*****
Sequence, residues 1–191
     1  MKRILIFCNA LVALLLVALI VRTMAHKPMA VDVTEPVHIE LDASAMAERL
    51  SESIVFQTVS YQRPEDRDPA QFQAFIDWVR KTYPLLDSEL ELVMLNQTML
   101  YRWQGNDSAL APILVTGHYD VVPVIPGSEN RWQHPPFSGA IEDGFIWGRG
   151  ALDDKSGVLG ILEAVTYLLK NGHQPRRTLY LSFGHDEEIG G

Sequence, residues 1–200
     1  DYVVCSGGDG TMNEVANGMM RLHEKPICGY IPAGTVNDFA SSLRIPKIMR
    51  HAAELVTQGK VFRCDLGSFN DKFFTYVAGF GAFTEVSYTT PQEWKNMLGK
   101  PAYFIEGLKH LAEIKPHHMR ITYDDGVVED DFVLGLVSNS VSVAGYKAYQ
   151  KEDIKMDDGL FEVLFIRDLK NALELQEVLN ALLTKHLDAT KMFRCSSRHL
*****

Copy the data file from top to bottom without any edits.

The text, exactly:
Sequence, residues 1–191
     1  MKRILIFCNA LVALLLVALI VRTMAHKPMA VDVTEPVHIE LDASAMAERL
    51  SESIVFQTVS YQRPEDRDPA QFQAFIDWVR KTYPLLDSEL ELVMLNQTML
   101  YRWQGNDSAL APILVTGHYD VVPVIPGSEN RWQHPPFSGA IEDGFIWGRG
   151  ALDDKSGVLG ILEAVTYLLK NGHQPRRTLY LSFGHDEEIG G

Sequence, residues 1–200
     1  DYVVCSGGDG TMNEVANGMM RLHEKPICGY IPAGTVNDFA SSLRIPKIMR
    51  HAAELVTQGK VFRCDLGSFN DKFFTYVAGF GAFTEVSYTT PQEWKNMLGK
   101  PAYFIEGLKH LAEIKPHHMR ITYDDGVVED DFVLGLVSNS VSVAGYKAYQ
   151  KEDIKMDDGL FEVLFIRDLK NALELQEVLN ALLTKHLDAT KMFRCSSRHL